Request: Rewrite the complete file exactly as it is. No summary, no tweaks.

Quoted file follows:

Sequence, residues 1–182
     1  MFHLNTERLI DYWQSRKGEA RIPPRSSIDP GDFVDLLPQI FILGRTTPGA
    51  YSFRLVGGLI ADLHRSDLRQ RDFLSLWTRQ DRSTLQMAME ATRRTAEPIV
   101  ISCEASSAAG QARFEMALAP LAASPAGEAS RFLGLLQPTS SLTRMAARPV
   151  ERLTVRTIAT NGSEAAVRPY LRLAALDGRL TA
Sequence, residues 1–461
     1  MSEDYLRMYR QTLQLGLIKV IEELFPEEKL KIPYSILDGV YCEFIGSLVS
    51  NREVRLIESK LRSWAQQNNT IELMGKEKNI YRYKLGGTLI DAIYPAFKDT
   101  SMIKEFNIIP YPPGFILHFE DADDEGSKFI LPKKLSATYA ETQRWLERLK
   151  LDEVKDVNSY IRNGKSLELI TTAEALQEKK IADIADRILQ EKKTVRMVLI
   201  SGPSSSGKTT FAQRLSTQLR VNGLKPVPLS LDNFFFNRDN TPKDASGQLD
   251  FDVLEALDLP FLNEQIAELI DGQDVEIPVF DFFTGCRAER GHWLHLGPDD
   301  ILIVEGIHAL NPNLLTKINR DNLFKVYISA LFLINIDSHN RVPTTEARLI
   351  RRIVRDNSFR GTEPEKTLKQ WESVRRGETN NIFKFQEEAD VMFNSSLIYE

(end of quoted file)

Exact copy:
Sequence, residues 1–182
     1  MFHLNTERLI DYWQSRKGEA RIPPRSSIDP GDFVDLLPQI FILGRTTPGA
    51  YSFRLVGGLI ADLHRSDLRQ RDFLSLWTRQ DRSTLQMAME ATRRTAEPIV
   101  ISCEASSAAG QARFEMALAP LAASPAGEAS RFLGLLQPTS SLTRMAARPV
   151  ERLTVRTIAT NGSEAAVRPY LRLAALDGRL TA
Sequence, residues 1–461
     1  MSEDYLRMYR QTLQLGLIKV IEELFPEEKL KIPYSILDGV YCEFIGSLVS
    51  NREVRLIESK LRSWAQQNNT IELMGKEKNI YRYKLGGTLI DAIYPAFKDT
   101  SMIKEFNIIP YPPGFILHFE DADDEGSKFI LPKKLSATYA ETQRWLERLK
   151  LDEVKDVNSY IRNGKSLELI TTAEALQEKK IADIADRILQ EKKTVRMVLI
   201  SGPSSSGKTT FAQRLSTQLR VNGLKPVPLS LDNFFFNRDN TPKDASGQLD
   251  FDVLEALDLP FLNEQIAELI DGQDVEIPVF DFFTGCRAER GHWLHLGPDD
   301  ILIVEGIHAL NPNLLTKINR DNLFKVYISA LFLINIDSHN RVPTTEARLI
   351  RRIVRDNSFR GTEPEKTLKQ WESVRRGETN NIFKFQEEAD VMFNSSLIYE